my theory is that “morality” is just social codification of behaviours that have proved “effective” over time (at keeping a society healthy, stable, happy). so don’t steal, or commit murder become moral imperatives because they make for more stable, effective societies. sex before marriage is morally unacceptable pre-ubiquitous birth control, because the result is kids out of wedlock, which is an has an unstablizing effect – esp when the mothers are very young. but few still argue (tho there are some) that one should be married before sex … and I argue that the reason for the change is the pragmatic consequences of sex before marriage have changed. and so changes morality.

  10. Chris Hughes Chris Hughes 2007-06-26

    I wasn’t referring to any kind of morality, as defined by you or me, I was looking at your argument of how podcasting can save the world (acknowledging the deliberate hyperbole of the title, but taking the broad point on board).

    Your broad point, as I understand it, is: That open flow of information between people helps to reduce misunderstanding and increase knowledge, and access to information. Any technology that enhances this free flow of information will enhance the chances of people acting co-operatively to solve global problems, and privately to solve private problems.

    This all sounds fine, and I agree on most levels. My problems with this are:

    1. When people act, they often THINK they are acting in the best interests of society, or themselves, or both. There are many instances in history, however, where later events have shown these well-meaning people to be mistaken. Take missionary efforts into Africa. By the lights of their generation, they were saving the world. (Perhaps I am failing the avoid the morality question here … damn) The consequences were not positive, as we now know.

    2. Any open conversation needs to be open to all. At the moment, there are high technical hurdles to those who wish to be involved in podcasting (or printing, or television). At the moment, the parts of the world that most need saving (shall we agree on ‘saved from starvation’ as saving, for now?) have no ability to hold up their end of the open conversation, so we just end up taking about ourselves. Which leads neatly to my third point…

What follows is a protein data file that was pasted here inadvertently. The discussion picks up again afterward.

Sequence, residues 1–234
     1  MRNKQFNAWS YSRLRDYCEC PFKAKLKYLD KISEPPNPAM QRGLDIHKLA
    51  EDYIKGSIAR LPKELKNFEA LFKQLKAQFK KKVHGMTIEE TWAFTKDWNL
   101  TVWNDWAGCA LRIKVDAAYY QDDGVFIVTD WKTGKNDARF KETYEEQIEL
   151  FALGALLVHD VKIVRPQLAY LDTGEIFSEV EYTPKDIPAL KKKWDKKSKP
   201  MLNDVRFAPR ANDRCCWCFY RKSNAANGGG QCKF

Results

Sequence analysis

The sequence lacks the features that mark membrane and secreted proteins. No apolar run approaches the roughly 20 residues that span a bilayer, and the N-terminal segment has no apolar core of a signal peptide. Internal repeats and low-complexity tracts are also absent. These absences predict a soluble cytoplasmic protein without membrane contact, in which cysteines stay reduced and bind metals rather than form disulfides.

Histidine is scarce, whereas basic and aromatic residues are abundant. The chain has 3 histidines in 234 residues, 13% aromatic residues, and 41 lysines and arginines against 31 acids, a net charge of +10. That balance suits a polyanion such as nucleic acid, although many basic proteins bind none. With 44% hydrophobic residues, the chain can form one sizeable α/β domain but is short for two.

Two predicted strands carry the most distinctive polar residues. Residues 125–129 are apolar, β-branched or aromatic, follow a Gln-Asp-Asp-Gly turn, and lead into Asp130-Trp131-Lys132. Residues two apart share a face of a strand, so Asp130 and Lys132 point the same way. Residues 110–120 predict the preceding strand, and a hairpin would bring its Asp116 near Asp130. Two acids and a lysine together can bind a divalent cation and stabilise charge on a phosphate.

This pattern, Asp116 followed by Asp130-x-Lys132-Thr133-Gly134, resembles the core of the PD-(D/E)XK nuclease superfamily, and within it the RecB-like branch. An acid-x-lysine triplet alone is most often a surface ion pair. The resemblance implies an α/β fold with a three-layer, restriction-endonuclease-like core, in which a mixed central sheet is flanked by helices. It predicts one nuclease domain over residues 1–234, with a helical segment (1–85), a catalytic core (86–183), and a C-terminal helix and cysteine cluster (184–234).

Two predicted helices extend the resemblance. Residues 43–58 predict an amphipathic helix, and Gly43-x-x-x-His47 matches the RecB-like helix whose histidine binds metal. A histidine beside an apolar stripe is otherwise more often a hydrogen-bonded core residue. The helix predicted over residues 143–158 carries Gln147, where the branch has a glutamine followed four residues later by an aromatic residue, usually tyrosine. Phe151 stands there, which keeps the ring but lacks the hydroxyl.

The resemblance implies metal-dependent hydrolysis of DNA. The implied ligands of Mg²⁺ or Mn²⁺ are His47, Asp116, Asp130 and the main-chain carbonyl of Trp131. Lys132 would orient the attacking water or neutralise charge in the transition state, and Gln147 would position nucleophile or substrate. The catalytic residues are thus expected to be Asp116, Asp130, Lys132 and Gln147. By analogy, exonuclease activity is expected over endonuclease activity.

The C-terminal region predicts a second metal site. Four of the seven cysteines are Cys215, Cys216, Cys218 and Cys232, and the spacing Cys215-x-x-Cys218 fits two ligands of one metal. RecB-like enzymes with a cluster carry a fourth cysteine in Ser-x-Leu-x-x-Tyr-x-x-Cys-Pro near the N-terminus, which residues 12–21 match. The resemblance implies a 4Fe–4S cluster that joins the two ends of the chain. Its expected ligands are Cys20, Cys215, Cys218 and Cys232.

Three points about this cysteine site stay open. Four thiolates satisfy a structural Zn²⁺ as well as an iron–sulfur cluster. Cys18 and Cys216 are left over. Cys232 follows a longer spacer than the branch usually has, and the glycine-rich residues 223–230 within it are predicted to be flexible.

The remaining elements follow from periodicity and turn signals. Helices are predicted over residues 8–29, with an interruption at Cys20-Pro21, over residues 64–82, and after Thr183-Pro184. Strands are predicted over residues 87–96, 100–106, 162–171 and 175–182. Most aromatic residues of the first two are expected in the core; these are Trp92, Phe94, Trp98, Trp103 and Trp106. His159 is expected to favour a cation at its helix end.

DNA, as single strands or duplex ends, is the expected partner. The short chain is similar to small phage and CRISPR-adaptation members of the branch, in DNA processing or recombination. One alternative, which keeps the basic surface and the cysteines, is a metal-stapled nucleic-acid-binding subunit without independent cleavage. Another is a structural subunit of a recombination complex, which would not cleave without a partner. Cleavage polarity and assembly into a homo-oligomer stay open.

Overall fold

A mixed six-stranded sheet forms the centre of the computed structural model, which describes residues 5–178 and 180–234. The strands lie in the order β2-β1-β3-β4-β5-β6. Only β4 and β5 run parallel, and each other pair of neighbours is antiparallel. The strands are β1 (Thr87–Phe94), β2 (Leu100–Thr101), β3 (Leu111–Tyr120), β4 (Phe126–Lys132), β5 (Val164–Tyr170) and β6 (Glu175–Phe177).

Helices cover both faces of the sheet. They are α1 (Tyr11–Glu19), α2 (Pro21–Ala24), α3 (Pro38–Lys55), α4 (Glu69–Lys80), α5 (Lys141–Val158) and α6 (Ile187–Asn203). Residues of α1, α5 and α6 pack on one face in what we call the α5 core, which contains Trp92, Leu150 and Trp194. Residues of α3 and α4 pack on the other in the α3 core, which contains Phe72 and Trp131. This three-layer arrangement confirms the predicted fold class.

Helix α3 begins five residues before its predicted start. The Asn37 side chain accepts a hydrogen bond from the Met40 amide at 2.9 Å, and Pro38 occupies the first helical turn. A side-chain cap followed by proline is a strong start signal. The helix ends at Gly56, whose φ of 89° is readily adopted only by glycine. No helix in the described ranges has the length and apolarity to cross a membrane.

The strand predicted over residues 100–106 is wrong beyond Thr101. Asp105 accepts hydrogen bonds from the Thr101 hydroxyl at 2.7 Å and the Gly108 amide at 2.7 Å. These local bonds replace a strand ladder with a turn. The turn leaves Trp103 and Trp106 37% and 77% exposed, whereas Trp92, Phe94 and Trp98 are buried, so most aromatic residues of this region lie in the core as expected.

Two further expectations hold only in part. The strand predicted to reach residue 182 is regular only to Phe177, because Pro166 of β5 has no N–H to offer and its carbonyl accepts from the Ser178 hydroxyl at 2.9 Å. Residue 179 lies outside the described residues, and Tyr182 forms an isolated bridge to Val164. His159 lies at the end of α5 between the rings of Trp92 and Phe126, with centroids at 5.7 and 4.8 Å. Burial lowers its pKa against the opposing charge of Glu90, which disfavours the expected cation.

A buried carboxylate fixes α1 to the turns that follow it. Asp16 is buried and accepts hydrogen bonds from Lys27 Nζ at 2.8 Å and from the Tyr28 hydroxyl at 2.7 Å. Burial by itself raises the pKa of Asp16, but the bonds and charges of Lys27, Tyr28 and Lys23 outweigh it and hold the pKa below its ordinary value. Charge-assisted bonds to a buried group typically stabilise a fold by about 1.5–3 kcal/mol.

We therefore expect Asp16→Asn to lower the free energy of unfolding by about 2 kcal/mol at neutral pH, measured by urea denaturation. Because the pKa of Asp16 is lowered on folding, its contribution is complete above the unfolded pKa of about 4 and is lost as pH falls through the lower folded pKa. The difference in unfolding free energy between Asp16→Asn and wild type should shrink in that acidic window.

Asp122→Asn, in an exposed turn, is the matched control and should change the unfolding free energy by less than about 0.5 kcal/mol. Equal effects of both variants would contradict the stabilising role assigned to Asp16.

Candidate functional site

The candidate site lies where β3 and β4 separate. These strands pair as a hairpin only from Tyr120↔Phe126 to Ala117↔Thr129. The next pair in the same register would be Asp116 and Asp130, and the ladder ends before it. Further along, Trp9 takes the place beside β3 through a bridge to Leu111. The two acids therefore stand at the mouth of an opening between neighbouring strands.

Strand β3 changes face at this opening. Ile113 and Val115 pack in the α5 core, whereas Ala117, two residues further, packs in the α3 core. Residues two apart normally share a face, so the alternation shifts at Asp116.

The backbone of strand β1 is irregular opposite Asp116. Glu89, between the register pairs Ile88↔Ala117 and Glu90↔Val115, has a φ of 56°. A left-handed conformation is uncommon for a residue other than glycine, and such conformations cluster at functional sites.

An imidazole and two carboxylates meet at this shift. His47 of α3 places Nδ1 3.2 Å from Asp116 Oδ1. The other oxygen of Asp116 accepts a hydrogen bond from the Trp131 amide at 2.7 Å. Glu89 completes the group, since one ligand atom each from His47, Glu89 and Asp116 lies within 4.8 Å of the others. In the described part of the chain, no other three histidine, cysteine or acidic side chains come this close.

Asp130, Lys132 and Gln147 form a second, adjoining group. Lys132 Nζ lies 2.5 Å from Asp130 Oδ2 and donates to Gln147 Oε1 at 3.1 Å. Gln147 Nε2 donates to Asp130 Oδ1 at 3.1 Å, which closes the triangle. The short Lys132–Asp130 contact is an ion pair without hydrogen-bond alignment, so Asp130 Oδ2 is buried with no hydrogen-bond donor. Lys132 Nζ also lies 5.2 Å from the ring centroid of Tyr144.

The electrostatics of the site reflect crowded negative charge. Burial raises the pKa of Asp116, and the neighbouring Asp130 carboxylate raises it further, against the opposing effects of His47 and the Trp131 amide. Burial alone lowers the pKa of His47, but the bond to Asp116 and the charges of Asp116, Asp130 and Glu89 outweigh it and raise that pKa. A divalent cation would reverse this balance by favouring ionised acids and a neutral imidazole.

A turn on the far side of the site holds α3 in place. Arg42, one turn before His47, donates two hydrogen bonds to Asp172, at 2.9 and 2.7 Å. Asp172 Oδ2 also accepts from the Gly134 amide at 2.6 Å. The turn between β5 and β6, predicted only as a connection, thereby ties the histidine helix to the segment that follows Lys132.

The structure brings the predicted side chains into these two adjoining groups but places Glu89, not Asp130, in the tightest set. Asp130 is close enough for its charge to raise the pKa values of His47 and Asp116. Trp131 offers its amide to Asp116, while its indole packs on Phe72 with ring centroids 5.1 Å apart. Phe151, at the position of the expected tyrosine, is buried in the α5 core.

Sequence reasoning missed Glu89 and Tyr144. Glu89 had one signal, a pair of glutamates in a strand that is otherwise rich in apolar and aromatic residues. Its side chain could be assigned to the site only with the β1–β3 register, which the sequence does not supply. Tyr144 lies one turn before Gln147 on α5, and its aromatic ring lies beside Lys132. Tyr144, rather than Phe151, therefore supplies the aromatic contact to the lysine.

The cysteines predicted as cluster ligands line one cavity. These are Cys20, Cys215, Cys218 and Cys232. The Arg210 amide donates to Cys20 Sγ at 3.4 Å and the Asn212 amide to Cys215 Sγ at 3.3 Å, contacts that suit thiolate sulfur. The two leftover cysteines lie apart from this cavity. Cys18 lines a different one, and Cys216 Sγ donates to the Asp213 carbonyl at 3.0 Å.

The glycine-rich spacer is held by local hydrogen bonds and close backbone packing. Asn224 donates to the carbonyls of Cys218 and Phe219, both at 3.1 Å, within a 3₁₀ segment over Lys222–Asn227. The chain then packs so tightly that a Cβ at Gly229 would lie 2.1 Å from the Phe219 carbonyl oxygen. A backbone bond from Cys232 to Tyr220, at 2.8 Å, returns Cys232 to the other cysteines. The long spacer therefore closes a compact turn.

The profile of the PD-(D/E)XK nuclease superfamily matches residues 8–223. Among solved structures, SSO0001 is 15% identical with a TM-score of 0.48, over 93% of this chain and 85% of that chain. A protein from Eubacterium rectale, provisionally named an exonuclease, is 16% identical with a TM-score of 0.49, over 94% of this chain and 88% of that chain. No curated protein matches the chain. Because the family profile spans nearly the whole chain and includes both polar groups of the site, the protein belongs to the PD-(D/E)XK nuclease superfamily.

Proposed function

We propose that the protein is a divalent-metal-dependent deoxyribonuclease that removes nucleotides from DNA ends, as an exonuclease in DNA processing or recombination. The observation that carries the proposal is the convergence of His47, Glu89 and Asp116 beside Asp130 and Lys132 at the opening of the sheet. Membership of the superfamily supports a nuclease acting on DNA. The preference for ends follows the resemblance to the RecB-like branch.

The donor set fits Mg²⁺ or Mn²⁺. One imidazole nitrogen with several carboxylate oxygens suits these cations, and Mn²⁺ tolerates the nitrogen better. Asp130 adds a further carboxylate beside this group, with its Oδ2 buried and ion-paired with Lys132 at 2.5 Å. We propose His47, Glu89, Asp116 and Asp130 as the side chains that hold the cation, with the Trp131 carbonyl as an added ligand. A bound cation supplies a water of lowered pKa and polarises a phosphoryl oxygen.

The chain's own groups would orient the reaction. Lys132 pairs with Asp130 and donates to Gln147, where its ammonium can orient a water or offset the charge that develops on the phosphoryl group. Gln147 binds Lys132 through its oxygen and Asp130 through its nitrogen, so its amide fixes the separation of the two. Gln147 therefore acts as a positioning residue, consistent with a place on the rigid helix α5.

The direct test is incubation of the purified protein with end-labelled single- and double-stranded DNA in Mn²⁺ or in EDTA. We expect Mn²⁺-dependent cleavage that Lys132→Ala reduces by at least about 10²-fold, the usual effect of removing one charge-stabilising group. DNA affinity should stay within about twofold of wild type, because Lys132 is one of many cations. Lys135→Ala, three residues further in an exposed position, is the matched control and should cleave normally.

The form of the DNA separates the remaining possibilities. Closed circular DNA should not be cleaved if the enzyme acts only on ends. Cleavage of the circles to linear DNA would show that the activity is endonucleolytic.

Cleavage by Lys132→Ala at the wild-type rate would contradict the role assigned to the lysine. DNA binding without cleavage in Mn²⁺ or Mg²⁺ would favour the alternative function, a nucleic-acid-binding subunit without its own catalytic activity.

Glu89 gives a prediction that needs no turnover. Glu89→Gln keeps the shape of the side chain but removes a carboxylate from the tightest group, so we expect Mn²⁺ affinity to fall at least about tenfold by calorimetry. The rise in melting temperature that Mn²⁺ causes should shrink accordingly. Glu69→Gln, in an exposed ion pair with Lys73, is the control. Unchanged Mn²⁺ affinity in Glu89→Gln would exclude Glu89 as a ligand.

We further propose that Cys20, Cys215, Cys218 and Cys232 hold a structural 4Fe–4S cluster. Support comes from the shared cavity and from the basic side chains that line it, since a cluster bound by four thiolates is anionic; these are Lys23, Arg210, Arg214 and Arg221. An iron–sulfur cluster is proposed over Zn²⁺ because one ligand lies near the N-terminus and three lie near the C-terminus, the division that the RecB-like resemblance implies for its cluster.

3. Language. All human communication (written, broadcast, podcast) needs a shared language between people to be effective. My worry is that our open conversation is between the wealthy in the west, and even more particularly, english speaking westerners. This make english a trophy language, where non-english speaking countries are under pressure to conform to english. The younger generation watch american television, learn to speak english, and dress like americans. The older generation don’t like this, are fearful that their children will adopt the sexual mores of the west, and feel their culture and way of life is under threat. And it is. Perhaps it should be: I don’t know. But I do know that any culture sees its language as central to its identity (Heck – who am I telling, you live in Montreal), and reacts to being under pressure with resentment and hatred. I am a few miles from Wales, and language is still a hot issue there, many hundreds of years after the Saxon invasion.

    I seem to be arguing that a free flow of ideas is a bad thing. I am not. I am saying that a free flow of ideas BETWEEN EQUALS is a good thing. I am fearful of a world where cultures have to conform or die, where english is imposed on unwilling cultures. And the flow of technology suggests this direction.

    Sorry to go on at such length, but this is an issue I wrestle with (internally) a lot, and I rarely get the chance to discuss it. And I have no solution.

  11. Hugh Hugh 2007-06-26

    “Your broad point, as I understand it, is: That open flow of information between people helps to reduce misunderstanding and increase knowledge, and access to information.”

    but that’s not my point! my point is that open flow of diverse information results in innovative solutions to problems. again, this takes a pragmatic approach: rather than saying “misunderstandings are bad” or “access to education is a good thing” etc…(both of which are value judgments that many people clearly disagree with, cf Fox News) … I am saying that more diverse and open information flows means a society better able to solve problems.

    “Any technology that enhances this free flow of information will enhance the chances of people acting co-operatively to solve global problems, and privately to solve private problems.”

    I guess this is about right. With the proviso that the history of the human race is, essentially, the result of efforts to solve problems, small and large scale – which, as you point out above may well create more problems that existed previously.

    re: point 1: I don’t disagree, except all I can do is raise my shoulders and shrug. I argue that access to information is what makes innovative solutions to problems possible. more information for more people means more solutions. that some (or many) of our problems are made worse by our solutions is undeniable… but i still think it’s preferable to structure society in a way to make solutions easier rather than harder. i suppose i have some faith in our ability to make evidence-based decisions, so that the tendency ought to be to make iteratively “better” choices, based on past experience & history, and I *think* maybe the overall tendency works like this. tho clearly the last 6 years of US foreign policy suggests otherwise. one hopes it’s a blip tho. maybe not.